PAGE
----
Left/right brain integration/Strings
John E. Anderson
jander at OSPREY.UNF.EDU
Thu Dec 26 16:40:41 EST 1996
"RenE J.V. Bertin" <bertin at NeurEtV.biol.ruu.nl> wrote:
> Below are some excerpts from a recent discussion on ASTA-L, concerning the question
> why string instruments are normally fingered with the left hand, and bowed/plucked
> with the right hand. The general view is that lefties should be at an advantage, given
> the fact that they use their best hand for fingering, but I'm not convinced this is the
> most difficult task "at hand".
Many left-handed guitarists (Jimi Hendrix and Paul McCartney come to
mind, and there are others) play with the guitar reversed, i.e. with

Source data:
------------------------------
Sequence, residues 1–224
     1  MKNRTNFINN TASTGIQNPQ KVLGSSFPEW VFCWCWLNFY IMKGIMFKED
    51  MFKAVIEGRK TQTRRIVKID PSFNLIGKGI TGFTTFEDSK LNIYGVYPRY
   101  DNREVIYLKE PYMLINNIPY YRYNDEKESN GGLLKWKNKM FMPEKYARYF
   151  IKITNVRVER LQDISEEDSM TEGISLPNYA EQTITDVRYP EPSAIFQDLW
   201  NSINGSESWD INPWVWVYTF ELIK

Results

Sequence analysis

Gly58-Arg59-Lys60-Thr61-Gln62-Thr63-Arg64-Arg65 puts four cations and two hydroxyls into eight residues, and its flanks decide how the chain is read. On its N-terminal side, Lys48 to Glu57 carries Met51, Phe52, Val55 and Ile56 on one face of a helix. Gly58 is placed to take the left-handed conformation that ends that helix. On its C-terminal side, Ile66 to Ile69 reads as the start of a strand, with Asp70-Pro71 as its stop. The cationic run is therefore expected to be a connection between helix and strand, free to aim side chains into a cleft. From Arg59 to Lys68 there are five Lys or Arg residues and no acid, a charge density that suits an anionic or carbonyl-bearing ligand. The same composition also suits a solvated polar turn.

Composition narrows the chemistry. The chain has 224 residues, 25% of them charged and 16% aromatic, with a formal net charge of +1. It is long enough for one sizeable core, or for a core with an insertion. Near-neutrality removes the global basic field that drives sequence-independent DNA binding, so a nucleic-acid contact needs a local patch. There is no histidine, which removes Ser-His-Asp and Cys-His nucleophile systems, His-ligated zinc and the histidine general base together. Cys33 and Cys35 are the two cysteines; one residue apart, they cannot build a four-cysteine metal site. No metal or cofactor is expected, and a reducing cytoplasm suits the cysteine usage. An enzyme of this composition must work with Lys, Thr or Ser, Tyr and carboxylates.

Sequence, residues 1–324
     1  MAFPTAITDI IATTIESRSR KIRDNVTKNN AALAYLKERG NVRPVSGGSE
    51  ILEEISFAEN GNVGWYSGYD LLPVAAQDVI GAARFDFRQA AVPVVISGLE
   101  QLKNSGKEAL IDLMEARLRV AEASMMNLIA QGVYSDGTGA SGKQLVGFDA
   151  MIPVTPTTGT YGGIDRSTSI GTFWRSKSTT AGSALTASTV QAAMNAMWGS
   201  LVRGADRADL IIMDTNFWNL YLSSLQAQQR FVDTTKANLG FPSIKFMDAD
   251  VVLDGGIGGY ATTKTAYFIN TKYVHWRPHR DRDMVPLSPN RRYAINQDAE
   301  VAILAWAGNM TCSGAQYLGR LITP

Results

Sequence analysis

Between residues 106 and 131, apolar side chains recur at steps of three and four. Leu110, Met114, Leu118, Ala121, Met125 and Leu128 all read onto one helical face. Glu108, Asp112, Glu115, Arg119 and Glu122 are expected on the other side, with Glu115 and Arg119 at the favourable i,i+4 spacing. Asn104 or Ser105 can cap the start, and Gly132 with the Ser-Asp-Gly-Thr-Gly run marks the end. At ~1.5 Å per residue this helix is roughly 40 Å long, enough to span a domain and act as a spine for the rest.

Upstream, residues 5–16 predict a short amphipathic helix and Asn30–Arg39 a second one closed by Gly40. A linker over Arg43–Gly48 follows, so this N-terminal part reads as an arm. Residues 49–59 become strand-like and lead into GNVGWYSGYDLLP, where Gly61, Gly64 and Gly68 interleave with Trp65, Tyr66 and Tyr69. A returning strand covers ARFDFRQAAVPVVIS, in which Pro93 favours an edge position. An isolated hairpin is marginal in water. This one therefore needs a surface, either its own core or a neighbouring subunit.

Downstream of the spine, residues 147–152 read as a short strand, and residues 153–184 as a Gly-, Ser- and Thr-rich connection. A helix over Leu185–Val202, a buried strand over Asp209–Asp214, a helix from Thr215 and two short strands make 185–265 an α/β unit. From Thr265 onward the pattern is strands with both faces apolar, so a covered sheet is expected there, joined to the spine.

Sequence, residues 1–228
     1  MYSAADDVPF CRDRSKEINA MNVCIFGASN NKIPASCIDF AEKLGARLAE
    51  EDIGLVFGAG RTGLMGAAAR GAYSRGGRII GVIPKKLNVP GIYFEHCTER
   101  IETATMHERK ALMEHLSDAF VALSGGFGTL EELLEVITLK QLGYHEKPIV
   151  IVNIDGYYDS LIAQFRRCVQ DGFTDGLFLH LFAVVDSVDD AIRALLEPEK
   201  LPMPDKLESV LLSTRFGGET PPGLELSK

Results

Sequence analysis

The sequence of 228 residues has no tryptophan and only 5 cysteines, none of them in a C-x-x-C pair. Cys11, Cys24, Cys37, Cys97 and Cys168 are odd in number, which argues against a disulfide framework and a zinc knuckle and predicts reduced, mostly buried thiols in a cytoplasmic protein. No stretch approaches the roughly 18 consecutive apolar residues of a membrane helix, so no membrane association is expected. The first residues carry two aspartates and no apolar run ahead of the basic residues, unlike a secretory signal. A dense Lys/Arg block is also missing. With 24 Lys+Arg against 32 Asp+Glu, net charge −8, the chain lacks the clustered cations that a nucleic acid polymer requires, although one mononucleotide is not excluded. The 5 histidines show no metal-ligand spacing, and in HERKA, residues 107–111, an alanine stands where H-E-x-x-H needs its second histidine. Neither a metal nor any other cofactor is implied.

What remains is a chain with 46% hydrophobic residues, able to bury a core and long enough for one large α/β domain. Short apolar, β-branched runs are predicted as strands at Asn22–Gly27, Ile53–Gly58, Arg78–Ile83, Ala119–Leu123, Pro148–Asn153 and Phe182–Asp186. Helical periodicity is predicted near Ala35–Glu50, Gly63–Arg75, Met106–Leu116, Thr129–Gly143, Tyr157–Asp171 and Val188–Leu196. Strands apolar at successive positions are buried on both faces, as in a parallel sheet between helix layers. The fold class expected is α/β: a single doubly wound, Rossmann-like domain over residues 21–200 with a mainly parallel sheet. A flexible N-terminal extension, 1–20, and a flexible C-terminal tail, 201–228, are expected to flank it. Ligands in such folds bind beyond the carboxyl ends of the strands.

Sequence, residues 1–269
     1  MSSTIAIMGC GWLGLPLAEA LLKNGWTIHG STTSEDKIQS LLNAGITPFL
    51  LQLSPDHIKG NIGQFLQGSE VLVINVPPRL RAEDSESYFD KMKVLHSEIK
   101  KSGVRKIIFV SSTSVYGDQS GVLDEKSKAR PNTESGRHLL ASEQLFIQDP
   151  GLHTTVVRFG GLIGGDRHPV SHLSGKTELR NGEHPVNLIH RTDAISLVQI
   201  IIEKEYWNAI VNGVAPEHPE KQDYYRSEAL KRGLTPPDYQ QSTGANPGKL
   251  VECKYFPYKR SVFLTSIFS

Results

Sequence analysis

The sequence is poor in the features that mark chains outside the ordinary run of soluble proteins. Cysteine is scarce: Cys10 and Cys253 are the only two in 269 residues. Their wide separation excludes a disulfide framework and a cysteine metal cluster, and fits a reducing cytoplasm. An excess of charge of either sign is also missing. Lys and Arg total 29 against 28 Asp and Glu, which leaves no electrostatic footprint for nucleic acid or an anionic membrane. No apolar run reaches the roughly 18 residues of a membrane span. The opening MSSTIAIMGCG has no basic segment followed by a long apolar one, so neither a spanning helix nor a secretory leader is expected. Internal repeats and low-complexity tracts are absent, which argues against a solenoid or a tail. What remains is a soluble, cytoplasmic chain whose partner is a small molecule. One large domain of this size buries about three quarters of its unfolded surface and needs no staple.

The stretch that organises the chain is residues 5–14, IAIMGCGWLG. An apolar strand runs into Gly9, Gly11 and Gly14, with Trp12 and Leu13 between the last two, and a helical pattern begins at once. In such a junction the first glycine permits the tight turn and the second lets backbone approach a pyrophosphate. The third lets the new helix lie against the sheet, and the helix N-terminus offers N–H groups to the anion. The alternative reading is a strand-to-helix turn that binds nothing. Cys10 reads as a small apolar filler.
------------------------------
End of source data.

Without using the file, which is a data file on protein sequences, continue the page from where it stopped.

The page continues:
their right hand on the fingerboard and their left hand plucking the
strings, suggesting that (at least for the rock and blues genre; are
there any classical guitarists that play "in reverse") the hand plucking
the strings needs the best fine-movement control.
Later on in the same post, RenE quotes Joanne Tanner
70243.2334 at compuserve.com:
> I heard a a talk by a psychologist...[who] he proposes that the real reason for left side
> cradling is that people monitor a baby's sounds (which are not yet language),
> and thereby his or her emotional state, with the left ear. Why the left ear?
> The left ear inputs to the right side of the brain- and guess what? That's the
> side that is involved in monitoring non-verbal, non-language aspects of
> communication, and many aspects of music (though reading and writing music
> involves both sides).
But each ear provides input to *both* sides of the brain. See chapter
32 of Principles of Neural Science 3rd edition by Kandel, Schwartz, and
Jessell for details.
John E. Anderson
jander at unf.edu
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